Since its discovery, researchers have hailed Cas9—a protein “machine” that can be programmed by a strand of RNA to target specific DNA sequences and to precisely cut, paste, and turn on or turn off genes—as a potential key to unlocking a host of new treatments and therapies for genetic conditions, but only if they fully understand how it works.
That’s where David R. Liu and his students Vikram Pattanayak and John Guilinger come in.
Liu, a Harvard professor of chemistry and chemical biology and an investigator with the Howard Hughes Medical Institute, joined with Professor Jennifer Doudna of the University of California, Berkeley, to lead an effort to develop a detailed “specificity profile” for Cas9—data to reveal how accurately Cas9 can home in on the DNA sequence it is programmed to target, and how susceptible the protein/RNA complex is to acting on decoy off-target sequences instead. The work was described in a paper published last month in Nature Biotechnology.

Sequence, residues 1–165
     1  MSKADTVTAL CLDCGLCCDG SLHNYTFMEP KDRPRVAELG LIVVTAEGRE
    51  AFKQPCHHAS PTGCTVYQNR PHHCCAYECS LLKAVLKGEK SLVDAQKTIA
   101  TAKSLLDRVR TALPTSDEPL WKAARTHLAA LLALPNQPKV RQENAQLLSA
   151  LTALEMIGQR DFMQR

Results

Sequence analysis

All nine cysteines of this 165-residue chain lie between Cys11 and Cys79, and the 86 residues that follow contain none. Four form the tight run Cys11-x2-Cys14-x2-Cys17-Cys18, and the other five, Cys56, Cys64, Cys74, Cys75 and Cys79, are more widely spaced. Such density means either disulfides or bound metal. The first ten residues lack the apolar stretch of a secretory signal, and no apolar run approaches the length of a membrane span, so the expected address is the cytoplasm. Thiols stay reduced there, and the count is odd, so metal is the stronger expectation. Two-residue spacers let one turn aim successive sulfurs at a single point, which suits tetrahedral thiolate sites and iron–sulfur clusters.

“A major issue that will determine the extent to which technologies like Cas9 are useful research tools, especially for human therapeutics, is how specific they are,” Liu said.
“It’s widely understood that the ability to manipulate the structure of our genomes has the potential to have a profound impact on human health,” he added. “But before you give a patient some treatment that will change their genes, you need to be very confident that it’s not going to have unintended effects elsewhere, because the difference between cutting an on-target site and an off-target site could mean treating a disease or triggering the development of cancer.”
Read more at: Phys.org